Walleye Fishing Tips from The Green Way Outdoors
Fishing for Walleye with Kyle Green
Host of The Green Way Outdoors, Kyle Green, shares some tips on fishing for walleye in this Q&A – from how to catch them to how to cook them!
Q: What is the best way to fish for walleye?
A: It always amazes me when I travel the world and see all of the very specific boats people use on different bodies of water. On some lakes, everyone has a pontoon boat. On other lakes, you better have a deep V boat if you want to handle the waves. In Northern Michigan, I often see small flat-bottom jet boats in the Manistee River. Walleye fishing tactics are similar in this way. They are normally oddly specific for the type of water you are fishing.
Q: What size hooks for walleye?
A: On the Detroit River, nearly everyone uses large gumball jigs tipped with plastic minnows. They bounce the jigs off the bottom while floating downstream. Meanwhile, fishermen on the bay like to run planer boards with 4-inch Rapalas while trolling roughly 2 miles per hour. My favorite tactic and location for walleye is the St Clair River using bottom bouncers and crawler harnesses. Admittedly, this is probably my favorite because it has given me the most success. You can walk into any Bass Pro Shops or Cabelas and find a ton of crawler harness options. I typically go with the biggest blade I can find and make sure the harness has at least 2 hooks behind it. Normally the hooks are size 2 and have a wide gap in them. You put the head of the nightcrawler on the hook closest to the line, the midsection on the second hook, and let the tail trail behind freely. Generally, I tend to choose the bigger blades because they can catch current easier, and you’re less likely to have your spinner fail you and just ride along the bottom.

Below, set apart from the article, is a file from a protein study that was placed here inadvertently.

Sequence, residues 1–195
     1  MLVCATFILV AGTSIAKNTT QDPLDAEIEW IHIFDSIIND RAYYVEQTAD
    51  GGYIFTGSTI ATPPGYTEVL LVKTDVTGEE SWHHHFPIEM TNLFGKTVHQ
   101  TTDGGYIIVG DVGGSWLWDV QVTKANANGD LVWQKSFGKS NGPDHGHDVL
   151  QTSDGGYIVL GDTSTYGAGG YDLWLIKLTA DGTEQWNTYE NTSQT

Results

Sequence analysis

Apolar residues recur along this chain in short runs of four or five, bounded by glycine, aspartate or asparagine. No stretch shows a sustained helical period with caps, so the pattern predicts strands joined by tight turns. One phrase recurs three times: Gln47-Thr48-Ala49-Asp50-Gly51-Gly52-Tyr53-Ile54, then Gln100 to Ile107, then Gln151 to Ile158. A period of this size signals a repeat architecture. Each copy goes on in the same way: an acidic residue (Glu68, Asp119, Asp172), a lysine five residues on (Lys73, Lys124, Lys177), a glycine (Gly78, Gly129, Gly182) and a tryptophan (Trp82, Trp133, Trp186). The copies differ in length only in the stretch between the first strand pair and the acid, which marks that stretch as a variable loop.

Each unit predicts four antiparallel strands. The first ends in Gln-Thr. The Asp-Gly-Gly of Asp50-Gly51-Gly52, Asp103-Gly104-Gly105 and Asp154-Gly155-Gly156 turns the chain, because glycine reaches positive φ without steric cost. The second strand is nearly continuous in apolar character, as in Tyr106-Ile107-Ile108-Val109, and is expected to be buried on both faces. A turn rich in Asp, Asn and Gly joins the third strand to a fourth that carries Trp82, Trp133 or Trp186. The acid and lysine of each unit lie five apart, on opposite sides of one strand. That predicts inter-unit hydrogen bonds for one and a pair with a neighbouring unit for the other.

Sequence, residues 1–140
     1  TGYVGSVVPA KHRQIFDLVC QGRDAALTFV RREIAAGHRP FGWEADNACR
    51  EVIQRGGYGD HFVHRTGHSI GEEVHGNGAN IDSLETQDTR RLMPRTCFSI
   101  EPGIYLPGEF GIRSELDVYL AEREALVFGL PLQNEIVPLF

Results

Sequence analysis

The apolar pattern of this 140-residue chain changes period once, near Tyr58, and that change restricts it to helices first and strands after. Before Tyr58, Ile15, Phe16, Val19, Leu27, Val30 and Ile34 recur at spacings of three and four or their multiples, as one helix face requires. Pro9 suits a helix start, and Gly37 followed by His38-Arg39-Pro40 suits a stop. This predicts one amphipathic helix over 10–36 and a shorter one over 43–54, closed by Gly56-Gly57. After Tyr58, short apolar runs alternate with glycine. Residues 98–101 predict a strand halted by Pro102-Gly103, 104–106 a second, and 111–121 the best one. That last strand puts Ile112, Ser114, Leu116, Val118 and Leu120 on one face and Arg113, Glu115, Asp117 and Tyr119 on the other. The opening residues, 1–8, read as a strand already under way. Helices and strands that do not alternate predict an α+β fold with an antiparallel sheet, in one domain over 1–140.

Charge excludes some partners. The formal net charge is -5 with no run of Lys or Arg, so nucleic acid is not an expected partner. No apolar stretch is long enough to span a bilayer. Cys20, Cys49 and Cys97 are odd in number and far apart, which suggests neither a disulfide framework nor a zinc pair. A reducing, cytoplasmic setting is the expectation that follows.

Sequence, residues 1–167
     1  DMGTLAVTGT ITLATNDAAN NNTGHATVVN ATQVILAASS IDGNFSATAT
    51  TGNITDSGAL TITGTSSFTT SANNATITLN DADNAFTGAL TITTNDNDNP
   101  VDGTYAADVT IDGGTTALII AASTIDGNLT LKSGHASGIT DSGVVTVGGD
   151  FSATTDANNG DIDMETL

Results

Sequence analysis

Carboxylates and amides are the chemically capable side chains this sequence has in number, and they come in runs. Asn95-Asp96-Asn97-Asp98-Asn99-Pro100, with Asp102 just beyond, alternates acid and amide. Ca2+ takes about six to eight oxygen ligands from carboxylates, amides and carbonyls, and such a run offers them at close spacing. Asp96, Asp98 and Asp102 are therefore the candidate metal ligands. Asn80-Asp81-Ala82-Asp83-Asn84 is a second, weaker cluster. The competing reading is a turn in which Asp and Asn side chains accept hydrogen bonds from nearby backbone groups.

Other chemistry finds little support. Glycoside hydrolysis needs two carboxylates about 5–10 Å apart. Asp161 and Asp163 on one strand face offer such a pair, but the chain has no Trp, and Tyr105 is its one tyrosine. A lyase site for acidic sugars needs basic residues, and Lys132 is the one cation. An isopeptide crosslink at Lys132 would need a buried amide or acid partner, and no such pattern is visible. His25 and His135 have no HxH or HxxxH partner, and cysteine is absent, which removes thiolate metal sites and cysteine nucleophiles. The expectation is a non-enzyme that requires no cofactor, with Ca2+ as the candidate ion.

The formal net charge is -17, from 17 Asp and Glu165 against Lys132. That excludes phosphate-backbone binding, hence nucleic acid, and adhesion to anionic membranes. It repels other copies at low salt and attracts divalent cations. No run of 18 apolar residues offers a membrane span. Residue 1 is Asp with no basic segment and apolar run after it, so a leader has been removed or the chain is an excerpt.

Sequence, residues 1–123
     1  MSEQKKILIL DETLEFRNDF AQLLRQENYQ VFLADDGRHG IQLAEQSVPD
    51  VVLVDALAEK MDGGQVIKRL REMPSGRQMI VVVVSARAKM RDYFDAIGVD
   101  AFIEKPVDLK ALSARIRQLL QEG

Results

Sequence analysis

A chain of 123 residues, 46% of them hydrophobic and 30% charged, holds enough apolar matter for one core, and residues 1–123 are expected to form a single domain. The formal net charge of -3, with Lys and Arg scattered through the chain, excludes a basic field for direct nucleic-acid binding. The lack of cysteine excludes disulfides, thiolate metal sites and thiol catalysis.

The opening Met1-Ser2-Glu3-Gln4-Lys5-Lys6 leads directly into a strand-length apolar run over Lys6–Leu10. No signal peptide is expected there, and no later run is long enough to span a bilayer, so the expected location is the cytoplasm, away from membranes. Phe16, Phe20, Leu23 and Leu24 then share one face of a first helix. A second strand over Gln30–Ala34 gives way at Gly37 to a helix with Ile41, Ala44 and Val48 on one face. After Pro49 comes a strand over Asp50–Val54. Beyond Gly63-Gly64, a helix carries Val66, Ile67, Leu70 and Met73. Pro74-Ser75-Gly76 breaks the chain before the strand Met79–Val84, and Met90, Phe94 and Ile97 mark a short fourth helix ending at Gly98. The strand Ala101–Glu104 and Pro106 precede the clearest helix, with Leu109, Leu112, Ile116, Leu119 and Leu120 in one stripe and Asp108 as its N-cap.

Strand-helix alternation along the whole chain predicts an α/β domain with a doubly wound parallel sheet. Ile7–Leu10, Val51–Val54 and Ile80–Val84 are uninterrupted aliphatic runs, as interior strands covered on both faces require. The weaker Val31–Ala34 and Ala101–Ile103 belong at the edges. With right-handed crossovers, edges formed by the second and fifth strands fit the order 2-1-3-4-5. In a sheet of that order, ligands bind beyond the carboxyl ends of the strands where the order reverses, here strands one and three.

Q: What pound test line should I use for walleye?
A: Depending on the situation, I tie the crawler harness to a 2oz bottom bouncer and tie that to a 20lb big game line. I use line counting reels, so I know how many feet of line I have out. I drive my Tracker Targa boat at 2mph going with the current using my electric trolling motor. Trolling at this speed, I let out the same amount of line as the water depth, plus 20%. For example, in 100 feet of water, I would let out 120 feet of line. This allows the bottom bouncer to hit bottom but not dig into it. Your line should trail behind the boat at roughly a 45-degree angle. Then you just place the rods in the rod holder and wait for a rod to get slammed while you enjoy a cold pop and talk to your buddies.
Q: Are walleye good to eat?
A: People who freshwater fish for walleye target them at least a few times per year. Why? They taste amazing! Their flesh is very mild, and people like how versatile they are for cooking. It’s worth noting that on the Detroit River, walleye can have higher toxins and PCBs than in other locations. Do not let this scare you because all fish do to some level. It is said that you are able to eat walleye out of the Detroit River 12 times per year if you follow the 3Cs.
- CHOOSE- Choose the smaller keeper-size fish. The big giant walleye are likely to have more fat which is where the toxins are most prevalent.
- CUT – Cut away all fat from the fish. I also like to turn my fillet over after skinning it and cut away any red meat along the back.
- COOK -Cook the fish in a way that allows the fat to drip away from the meat.
Q: What’s the best way to eat walleye?
A: Unfortunately, because you have to cook it in a way that allows the fat to drip away, that eliminates frying it. But don’t worry, I have your back with a wonderful bacon-wrapped walleye recipe you will love. Enjoy!
Ingredients: -4 walleye fillets -1/2lb bacon -1 Lemon -1/4 Stick melted butter -4 tbsp Honey -1tsp onion powder -Salt & Pepper to taste
Directions: Preheat oven to 400 degrees F (200 degrees C). Line a 9×13-inch baking dish with foil. Lightly cook the bacon and create a bed on top of the foil with the cooked bacon. Place your fillets over the bacon. Coat the fillets with the juice of half of a lemon. Drizzle the melted butter over the fillets. Pour honey over each individual fillet. Sprinkle on onion powder, salt & pepper. Cook for 12-15 minutes in your oven. Plate & Serve.
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You may also be interested in CarbonTV’s article: Easy & Delicious Walleye Recipes